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In my experience, teachers have been amenable to the use of dialectal language (vs the standard) in writing. Now, I wouldn't have a particularly rich dialectal vocabulary or use of verbs, but from time to time I'd say things like "ar an dtalamh" "do bhíodh teach ag..." "dheineas" etc. and I'd get away with it, but I imagine some teachers wouldn't be familiar with them all and might penalise them. I was quite lucky with my Irish teachers, frankly, going to a quality Gaelscoil made up mostly of native speakers (and being quite far from a Gaeltacht...) and other high quality speakers, and having a good teacher in secondary with immersive experience in a Gaeltacht.

Gumbi, can you clear up authoritatively whether forms like dheineas are accepted in the Irish Junior and Higher Leaving Certificates? And how many works by Peadar Ua Laogaire, Tomás Ó Criomhthain, Peig Sayers, Máirtín Ó Caidhin, and the Grianna brothers did you read through in class in your Gaelscoil? It's not meant to be a trick question - I just want to know yes or no, if any of these were on your curriculum.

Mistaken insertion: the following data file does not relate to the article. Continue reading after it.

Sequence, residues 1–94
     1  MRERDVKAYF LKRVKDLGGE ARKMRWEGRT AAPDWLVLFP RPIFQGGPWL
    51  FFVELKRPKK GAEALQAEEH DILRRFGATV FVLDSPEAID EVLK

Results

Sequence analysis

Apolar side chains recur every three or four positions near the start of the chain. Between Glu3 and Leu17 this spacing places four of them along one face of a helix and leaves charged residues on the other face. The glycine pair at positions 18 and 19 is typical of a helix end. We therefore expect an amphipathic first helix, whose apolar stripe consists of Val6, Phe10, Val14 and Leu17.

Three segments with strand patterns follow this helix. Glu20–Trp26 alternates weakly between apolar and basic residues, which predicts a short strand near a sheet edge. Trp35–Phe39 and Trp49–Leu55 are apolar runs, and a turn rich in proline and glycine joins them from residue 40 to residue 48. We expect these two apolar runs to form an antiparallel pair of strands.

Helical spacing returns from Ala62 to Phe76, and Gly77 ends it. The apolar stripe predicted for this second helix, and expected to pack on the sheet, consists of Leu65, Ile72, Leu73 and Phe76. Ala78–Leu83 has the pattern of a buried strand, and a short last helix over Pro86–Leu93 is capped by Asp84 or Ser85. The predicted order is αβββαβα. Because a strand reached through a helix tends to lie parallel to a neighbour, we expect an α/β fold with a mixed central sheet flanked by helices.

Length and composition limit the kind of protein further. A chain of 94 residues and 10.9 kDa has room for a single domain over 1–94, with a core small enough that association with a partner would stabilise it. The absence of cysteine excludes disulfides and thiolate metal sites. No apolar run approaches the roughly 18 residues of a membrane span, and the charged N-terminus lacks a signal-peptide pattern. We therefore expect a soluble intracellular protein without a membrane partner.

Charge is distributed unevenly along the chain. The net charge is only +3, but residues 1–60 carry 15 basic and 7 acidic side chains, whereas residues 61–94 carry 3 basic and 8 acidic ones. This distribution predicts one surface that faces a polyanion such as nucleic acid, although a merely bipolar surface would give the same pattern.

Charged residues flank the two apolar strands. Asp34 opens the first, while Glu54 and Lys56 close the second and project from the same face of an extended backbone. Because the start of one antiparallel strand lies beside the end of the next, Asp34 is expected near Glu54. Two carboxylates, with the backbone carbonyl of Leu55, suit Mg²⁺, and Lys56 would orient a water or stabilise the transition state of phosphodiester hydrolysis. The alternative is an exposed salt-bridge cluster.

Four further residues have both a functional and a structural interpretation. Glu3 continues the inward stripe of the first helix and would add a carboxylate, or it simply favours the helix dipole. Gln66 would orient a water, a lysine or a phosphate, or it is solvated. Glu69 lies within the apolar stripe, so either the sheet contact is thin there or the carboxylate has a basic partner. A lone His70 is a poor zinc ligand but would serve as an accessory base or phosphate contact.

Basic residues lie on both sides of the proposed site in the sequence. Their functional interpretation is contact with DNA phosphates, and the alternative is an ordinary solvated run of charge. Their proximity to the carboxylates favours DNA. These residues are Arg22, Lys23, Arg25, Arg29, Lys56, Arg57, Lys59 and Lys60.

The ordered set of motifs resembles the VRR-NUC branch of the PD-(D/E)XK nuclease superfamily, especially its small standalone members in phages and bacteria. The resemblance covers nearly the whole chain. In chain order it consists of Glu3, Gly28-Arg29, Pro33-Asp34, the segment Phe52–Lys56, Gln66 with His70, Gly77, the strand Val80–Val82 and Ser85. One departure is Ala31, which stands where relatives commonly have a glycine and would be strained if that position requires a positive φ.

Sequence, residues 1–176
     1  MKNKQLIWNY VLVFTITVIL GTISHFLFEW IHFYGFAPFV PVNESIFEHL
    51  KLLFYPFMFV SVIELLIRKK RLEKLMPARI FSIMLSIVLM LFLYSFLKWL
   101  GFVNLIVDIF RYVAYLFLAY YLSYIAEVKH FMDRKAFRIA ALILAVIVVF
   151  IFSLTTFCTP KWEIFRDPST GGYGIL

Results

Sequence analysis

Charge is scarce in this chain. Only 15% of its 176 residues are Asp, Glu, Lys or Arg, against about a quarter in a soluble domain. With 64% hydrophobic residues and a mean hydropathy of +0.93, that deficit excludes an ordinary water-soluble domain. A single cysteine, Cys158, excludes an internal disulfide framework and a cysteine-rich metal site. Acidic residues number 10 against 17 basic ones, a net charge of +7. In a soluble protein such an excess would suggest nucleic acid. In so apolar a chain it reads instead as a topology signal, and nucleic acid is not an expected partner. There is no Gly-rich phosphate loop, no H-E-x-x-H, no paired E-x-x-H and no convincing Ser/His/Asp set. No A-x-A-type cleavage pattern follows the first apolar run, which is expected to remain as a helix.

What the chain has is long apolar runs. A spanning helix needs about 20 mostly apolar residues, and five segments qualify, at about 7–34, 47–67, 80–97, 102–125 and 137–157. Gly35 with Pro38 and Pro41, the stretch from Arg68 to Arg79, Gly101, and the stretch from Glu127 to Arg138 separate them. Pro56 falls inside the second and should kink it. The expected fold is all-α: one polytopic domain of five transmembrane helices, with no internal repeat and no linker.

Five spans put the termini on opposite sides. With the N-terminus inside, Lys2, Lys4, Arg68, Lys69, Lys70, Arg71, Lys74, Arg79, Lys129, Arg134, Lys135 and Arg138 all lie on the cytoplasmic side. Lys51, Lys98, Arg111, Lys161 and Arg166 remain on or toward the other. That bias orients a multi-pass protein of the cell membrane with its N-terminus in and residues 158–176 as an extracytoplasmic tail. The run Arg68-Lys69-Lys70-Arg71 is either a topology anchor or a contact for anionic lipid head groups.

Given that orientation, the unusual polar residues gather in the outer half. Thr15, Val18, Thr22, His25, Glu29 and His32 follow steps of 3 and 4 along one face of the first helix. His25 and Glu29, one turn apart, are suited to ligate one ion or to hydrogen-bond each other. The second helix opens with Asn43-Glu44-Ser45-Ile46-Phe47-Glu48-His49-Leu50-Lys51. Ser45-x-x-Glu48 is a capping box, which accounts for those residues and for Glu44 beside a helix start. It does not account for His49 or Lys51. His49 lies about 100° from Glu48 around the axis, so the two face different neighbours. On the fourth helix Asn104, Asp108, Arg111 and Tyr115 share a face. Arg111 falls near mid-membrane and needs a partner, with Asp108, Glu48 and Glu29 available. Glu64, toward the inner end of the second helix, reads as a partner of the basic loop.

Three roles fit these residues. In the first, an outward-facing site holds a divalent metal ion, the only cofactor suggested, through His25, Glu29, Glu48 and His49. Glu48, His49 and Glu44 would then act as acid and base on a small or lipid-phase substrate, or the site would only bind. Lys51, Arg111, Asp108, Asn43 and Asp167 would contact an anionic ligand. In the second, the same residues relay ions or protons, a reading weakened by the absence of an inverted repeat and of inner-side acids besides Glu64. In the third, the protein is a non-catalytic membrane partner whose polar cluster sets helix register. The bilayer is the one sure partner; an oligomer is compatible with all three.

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18-08-2018, 17:24   #36
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Gumbi, can you clear up authoritatively whether forms like dheineas are accepted in the Irish Junior and Higher Leaving Certificates? And how many works by Peadar Ua Laogaire, Tomás Ó Criomhthain, Peig Sayers, Máirtín Ó Caidhin, and the Grianna brothers did you read through in class in your Gaelscoil? It's not meant to be a trick question - I just want to know yes or no, if any of these were on your curriculum.
I am not aware of the official word on this (if there even is one).

None of those books on the curriculum for primary school students as far as I know, but we did read Séadna in fourth class. As for the Junior/Leaving Cert, I didn't go to a Gaelscoil, so I just did whatever the curriculum was.
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18-08-2018, 17:26   #37
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Well, Séadna is at least something, but unless you read a seanachló edition, you won't have got a 100% genuine edition.
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18-08-2018, 20:49   #38